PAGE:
It would be easier to let it go when Rep. Ilhan Omar (D-MN) utters her barbed inanities. They don’t mean that much in the great scheme of things. But Robert Spencer raises a valid point at PJ Media in an article on Tuesday about Omar’s latest comment. Wouldn’t it be pretty much treason to suggest American targets for Iran to attack?
Spencer quotes from an Omar tweet on Monday morning:
Trump needs to immediately divest from his businesses and comply with the emoluments clause. Iran could threaten Trump hotels *worldwide* and he could provoke war over the loss of revenue from skittish guests.
His business interests should not be driving military decisions.
— Ilhan Omar (@IlhanMN) January 6, 2020
“Trump needs to immediately divest from his businesses and comply with the emoluments clause,” Omar asserts. “Iran could threaten Trump hotels *worldwide* and he could provoke war over the loss of revenue from skittish guests. His business interests should not be driving military decisions.”
Spencer does note that Trump’s business interests clearly are not driving military decisions: “Omar’s warning that Trump’s ‘business interests should not be driving military decisions’ makes no sense, because clearly the fact that Trump owns hotels that Iran could target didn’t stop him from going after Qasem Soleimani.”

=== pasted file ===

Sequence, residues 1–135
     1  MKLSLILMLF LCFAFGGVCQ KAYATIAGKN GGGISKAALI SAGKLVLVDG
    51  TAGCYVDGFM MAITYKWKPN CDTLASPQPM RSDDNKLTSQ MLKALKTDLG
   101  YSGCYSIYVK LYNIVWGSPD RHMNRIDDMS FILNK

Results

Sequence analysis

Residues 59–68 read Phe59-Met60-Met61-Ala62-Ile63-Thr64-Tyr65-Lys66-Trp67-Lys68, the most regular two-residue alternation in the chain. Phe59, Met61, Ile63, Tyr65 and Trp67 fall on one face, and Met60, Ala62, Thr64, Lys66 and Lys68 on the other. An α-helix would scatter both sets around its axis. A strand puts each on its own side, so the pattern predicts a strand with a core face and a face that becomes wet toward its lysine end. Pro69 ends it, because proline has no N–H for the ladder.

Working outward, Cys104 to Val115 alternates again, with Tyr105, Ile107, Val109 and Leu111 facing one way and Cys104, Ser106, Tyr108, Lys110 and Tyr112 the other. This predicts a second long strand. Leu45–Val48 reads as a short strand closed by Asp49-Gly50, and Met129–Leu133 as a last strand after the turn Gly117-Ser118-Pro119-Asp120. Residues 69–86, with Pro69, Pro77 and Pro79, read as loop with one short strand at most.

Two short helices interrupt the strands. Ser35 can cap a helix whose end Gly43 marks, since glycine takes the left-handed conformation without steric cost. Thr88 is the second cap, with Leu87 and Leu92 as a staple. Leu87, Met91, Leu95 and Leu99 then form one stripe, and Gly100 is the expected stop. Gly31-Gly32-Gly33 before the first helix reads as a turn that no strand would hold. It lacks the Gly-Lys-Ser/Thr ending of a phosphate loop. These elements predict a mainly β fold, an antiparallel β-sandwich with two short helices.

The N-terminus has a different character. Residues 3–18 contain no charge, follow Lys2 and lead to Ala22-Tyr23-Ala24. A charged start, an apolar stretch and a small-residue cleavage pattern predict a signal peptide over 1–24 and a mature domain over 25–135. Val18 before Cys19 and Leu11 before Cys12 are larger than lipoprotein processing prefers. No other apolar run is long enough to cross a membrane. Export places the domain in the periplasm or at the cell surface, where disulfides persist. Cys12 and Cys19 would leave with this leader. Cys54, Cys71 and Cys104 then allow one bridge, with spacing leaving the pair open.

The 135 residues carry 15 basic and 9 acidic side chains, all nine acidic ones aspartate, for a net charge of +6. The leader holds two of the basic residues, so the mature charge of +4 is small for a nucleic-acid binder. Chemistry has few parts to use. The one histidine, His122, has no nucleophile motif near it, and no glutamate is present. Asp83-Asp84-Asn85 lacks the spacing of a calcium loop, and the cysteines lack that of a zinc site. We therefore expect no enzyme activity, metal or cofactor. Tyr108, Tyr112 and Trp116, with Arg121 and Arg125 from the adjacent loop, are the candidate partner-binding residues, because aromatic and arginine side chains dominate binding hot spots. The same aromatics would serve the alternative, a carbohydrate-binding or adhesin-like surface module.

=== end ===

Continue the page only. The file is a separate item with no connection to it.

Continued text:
But he also points out that there is no evidence the Iranians had already thought of threatening or attacking Trump’s hotels, and Omar is raising such a scenario as a possibility in order to shape policy thinking.
It might be one thing for random Twitter users to speak of the same possibility. There’s nothing to be done about the public having brainstorming fits. But Omar is a U.S. representative giving every appearance of suggesting a targeting scenario to Iran. “Threaten Trump hotels; cause a loss of revenue for Trump; create incentives or disincentives for him to behave in certain ways” – that would be the gist of the scenario. The ultimate outcome could certainly include “attacking Trump hotels.” Since that could be done with a level of anonymity, or at least plausible deniability, it could seem like a good idea to Iran even if the goal weren’t getting credit for the attack.
Spencer asks, “How is giving them a suggestion about how they could target the United States, whether or not they have or would have thought of it themselves, not giving aid and comfort to the enemy, and hence treason?”
It doesn’t seem consonant with Omar’s oath as a U.S. official.
“Inviting, out of a hysterical hostility to the president of the United States, a nation that regularly chants ‘Death to America’ to strike American-owned businesses,” writes Spencer “– is that supporting and defending the nation against foreign enemies?”
At the very least, it seems like one more reason to ask questions about Omar’s loyalties. It’s not as simple as implying she must be loyal to Iran. That kind of reductionist proposition is simplistic and absurd, like seeing “Putin” behind everything Trump does. But suggesting scenarios in which a foreign enemy could discombobulate the president by targeting American businesses is hard to read as loyalty to America.